06 March, 2015

India's Daughter

India's Daughter

India's Daughter.
This documentary by Leslee Udwin is making the headlines all over – for a whole range of reasons.  The most important one being that this documentary is about the mindset which has prevailed in patriarchal societies like India for eons now and how this, in turn, becomes the root cause of many an evil towards women in society.  It is a known fact that these mindsets towards subjugation of women exist even today, even among the so called ‘educated’ community in India.  India’s Daughter serves not just to drive those attitudes home, it actually brings to the fore, focuses attention on why women are still subjugated, dominated and suppressed in an India which is supposed to be ‘fast developing’.
The government of India, for reasons or excuses best known to it, have banned the screening of this documentary in India.  My question remains the same – Why ?  I guess this question will have a whole plethora of answers ranging from “it shows our country in bad light” to “this sends out the wrong message to people because the convicted rapist has been interviewed in this documentary”. 
If the reason is the former, it is not the documentary that shows our country in bad light.  It is the fact that crimes against women are still rampant and worse still, action taken is far and few, if at all any.  That is cause for concern, not the fact that the flaws are being openly portrayed in this documentary.  If it is the latter, judging by the opinions of some of the other people who have been featured in this documentary, this mindset of women not having any say in anything worthwhile, women being treated as doormats, women being held responsible for crimes against them, is more widely prevalent than what people would like to believe, think and assume.  Therein lies the monster and it is this monster whose face has been unmasked, in Leslie Udwin’s documentary.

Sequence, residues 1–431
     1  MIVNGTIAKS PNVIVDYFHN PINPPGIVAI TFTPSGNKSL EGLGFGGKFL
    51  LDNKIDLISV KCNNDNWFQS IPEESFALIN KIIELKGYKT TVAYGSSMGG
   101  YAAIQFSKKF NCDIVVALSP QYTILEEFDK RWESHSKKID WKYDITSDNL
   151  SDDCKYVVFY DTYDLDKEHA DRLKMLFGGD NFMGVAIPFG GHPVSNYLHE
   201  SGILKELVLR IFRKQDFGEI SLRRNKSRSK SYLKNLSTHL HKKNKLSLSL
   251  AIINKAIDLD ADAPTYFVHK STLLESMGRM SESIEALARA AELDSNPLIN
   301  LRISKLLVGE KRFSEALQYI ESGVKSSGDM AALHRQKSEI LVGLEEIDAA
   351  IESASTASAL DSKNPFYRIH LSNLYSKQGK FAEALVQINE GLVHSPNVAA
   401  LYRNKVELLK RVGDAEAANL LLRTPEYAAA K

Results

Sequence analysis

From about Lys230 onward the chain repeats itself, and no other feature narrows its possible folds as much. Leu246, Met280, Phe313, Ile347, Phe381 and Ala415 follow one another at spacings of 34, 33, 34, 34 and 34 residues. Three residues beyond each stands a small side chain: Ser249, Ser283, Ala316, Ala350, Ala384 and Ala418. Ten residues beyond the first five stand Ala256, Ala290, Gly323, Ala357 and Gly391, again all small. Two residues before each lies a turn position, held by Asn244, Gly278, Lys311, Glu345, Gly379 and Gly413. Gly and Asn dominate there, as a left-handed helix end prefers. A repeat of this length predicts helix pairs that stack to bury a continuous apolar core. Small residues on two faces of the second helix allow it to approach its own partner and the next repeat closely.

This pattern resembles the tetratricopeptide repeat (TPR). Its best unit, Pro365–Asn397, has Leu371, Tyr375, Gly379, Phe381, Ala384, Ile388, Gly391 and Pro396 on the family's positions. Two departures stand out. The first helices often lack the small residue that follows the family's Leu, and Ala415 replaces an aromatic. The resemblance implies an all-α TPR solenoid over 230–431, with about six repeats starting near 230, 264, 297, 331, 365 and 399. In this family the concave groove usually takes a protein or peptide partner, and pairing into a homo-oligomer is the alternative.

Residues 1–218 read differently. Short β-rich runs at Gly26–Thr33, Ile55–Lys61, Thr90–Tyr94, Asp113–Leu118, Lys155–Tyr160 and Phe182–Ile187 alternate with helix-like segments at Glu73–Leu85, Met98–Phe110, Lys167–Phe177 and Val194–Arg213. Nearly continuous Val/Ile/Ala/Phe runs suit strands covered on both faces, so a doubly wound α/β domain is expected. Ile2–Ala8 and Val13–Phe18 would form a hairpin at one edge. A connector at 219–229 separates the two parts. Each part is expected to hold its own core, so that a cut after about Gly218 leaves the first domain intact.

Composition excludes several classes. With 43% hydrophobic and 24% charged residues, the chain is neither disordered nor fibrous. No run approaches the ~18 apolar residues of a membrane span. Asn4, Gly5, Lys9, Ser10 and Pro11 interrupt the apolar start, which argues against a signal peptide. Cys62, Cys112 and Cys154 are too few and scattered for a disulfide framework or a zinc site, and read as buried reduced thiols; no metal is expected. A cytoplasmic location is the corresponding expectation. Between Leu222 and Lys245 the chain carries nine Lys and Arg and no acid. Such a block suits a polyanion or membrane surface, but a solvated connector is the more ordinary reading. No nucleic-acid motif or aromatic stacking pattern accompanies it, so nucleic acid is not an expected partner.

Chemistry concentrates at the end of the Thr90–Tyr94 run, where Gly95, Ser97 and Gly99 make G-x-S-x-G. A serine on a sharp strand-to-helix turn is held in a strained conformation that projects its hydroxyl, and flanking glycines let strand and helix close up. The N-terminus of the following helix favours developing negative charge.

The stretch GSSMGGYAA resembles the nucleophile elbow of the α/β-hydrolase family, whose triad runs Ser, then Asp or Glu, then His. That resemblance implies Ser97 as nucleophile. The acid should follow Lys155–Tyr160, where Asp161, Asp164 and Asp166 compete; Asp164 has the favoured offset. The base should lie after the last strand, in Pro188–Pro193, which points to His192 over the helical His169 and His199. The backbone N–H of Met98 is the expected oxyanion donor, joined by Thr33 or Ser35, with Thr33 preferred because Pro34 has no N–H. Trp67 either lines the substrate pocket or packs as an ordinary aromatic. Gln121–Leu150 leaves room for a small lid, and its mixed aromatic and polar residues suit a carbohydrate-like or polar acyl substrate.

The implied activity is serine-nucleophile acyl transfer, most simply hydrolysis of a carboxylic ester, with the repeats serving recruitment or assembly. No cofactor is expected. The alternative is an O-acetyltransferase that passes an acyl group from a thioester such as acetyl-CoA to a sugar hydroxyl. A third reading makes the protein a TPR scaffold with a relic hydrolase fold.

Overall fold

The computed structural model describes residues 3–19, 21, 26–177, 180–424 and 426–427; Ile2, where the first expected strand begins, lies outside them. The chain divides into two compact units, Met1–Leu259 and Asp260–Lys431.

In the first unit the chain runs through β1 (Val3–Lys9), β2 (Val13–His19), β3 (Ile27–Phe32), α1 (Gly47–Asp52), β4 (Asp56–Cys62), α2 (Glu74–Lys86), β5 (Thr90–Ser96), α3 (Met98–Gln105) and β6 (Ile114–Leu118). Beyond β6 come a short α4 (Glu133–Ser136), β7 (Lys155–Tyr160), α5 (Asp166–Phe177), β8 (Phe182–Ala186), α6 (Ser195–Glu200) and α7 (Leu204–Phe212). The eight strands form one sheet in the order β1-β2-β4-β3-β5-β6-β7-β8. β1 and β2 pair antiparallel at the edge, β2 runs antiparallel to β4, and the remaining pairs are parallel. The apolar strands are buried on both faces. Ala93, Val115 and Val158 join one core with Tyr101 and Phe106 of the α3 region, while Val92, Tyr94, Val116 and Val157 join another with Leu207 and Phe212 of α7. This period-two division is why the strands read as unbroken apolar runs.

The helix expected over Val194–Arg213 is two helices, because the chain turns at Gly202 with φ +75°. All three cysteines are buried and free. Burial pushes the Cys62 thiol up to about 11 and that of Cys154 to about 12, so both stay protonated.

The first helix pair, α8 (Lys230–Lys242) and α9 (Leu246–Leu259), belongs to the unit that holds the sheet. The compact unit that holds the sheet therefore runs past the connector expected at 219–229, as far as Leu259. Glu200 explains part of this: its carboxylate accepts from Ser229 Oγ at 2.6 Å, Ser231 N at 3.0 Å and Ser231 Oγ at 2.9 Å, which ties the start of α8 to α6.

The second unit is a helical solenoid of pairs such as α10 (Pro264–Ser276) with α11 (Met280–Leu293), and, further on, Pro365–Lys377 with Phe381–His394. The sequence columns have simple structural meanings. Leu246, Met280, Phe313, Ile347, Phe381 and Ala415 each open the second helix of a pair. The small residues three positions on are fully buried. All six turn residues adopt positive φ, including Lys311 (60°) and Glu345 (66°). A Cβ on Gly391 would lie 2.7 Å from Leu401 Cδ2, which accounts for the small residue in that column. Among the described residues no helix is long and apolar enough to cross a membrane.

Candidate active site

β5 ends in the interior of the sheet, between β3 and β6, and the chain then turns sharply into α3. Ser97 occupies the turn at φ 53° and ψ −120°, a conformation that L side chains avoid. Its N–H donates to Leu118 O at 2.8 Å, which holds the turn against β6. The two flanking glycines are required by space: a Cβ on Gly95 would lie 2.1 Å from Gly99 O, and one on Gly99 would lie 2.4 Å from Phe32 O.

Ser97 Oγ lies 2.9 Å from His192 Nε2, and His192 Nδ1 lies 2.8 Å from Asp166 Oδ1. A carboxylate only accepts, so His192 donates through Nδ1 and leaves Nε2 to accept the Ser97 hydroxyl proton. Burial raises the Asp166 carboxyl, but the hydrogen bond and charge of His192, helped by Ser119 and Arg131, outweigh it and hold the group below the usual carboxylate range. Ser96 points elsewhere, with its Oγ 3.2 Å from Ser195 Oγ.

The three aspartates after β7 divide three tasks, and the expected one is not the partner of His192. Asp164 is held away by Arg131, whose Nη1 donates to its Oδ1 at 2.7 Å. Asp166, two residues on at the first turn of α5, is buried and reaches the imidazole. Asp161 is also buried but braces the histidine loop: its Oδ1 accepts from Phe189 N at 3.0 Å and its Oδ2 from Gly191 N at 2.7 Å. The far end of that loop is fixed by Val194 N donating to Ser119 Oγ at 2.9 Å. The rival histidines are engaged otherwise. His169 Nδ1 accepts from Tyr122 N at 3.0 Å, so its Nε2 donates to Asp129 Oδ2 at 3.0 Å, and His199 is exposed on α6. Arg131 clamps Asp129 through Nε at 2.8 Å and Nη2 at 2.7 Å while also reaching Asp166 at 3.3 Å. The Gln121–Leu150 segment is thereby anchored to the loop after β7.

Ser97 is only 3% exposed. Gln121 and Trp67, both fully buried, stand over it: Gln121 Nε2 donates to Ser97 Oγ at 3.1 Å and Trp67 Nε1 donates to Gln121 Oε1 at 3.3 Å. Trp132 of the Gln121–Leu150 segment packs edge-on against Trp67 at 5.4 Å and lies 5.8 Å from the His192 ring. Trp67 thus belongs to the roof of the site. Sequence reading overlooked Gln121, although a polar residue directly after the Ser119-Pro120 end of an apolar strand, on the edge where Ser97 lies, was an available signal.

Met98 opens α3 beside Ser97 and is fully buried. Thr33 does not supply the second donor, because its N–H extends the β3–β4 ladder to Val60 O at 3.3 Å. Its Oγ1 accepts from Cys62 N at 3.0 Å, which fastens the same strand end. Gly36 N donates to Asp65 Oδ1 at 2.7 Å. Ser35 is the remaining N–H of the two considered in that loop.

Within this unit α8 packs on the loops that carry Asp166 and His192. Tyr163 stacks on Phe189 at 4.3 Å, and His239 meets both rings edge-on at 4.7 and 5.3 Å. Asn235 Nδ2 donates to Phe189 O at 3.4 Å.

This documentary makes an attempt to showcase women’s rights (or the lack of it) all over the world.  There are so many countries where women suffer on account of repression, they still continue to live under the shade of inferiority that patriarchy has shadowed them with, many women still continue to be repressed and victimized on a regular basis, just by virtue of being a woman.
There have been quite a few critics of the documentary who have pointed out to the fact that the research done when producing this documentary, leaves a lot to be desired.  That may be true but just for a moment, let’s look beyond the nitty gritties and focus on the matter that this is trying to bring to the fore. 
That highhanded male attitude that patriarchy bestows on male members of its society is so very evident, especially in the clips where the convicted rapist has been interviewed and worse still, when the defendents’ scum lawyers open their mouths and spew filth.  It was unnerving, hair raising and extremely infuriating watching those interview clips.  When the convicted rapist talks of his brother (the main perpetrator in this heinous incident), the feeling I got was one of adulation, of the fact that he looks up to his big brother as the person ‘who could do anything’.  There is a definite element of hero worship when he talks about his brother having ‘done such things before too’.